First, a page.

Over the past five years, the number of New Yorkers who work in low-wage jobs has steadily increased, with more than a third of adults in the city—and nearly half in the Bronx—now stuck in low-paying occupations.
There are many reasons to celebrate New York City’s recent economic progress. During the Great Recession, the city shed fewer jobs, per capita, than the nation as a whole. The recovery has also been stronger in the five boroughs than in the rest of the state and in many of the nation’s other large cities. And the recent rise of the city’s tech sector has added much-needed balance to New York’s economy.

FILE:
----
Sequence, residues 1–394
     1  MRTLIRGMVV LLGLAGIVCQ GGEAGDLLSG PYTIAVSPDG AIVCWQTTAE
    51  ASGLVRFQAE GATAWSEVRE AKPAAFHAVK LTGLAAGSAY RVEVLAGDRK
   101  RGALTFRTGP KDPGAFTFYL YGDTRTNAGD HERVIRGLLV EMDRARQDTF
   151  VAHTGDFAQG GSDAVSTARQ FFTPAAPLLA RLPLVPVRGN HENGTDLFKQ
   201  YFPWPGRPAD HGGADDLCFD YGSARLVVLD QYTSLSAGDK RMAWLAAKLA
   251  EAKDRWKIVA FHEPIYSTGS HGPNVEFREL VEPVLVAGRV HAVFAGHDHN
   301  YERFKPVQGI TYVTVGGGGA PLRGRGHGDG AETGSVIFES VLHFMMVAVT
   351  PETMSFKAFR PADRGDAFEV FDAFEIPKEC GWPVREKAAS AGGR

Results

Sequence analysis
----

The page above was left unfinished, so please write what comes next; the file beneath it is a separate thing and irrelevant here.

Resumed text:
On the downside, however, a significant share of the city’s employment growth is occurring in low-paying occupations. As this analysis shows, the number of working New Yorkers who are stuck in low-wage jobs has risen steadily over the past five years. In 2012, 35.0 percent of New Yorkers over the age of 18 worked in a low-wage job, up from 31.1 percent in 2007. Even more alarming, nearly half of all adult workers in the Bronx and 40 percent in Brooklyn now work in low-wage jobs. While the numbers are slightly lower for the other three boroughs, at least a quarter of adult workers in every borough work in low-wage jobs.
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